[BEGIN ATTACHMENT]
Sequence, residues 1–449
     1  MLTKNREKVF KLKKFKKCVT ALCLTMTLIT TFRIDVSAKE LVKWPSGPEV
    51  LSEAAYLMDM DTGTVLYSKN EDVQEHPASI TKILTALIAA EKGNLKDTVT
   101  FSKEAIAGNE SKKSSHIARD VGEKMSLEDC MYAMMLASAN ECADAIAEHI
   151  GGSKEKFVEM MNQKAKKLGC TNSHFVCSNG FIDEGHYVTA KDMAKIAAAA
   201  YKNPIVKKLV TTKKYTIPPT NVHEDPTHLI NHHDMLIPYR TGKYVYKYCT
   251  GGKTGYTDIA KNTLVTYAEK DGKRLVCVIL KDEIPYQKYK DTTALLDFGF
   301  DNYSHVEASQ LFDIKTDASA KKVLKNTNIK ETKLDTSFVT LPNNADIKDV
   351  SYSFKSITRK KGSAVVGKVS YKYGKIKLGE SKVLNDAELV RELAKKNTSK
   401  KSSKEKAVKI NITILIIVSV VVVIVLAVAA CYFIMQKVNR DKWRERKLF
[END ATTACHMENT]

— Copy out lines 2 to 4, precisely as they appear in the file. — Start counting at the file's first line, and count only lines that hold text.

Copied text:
     1  MLTKNREKVF KLKKFKKCVT ALCLTMTLIT TFRIDVSAKE LVKWPSGPEV
    51  LSEAAYLMDM DTGTVLYSKN EDVQEHPASI TKILTALIAA EKGNLKDTVT
   101  FSKEAIAGNE SKKSSHIARD VGEKMSLEDC MYAMMLASAN ECADAIAEHI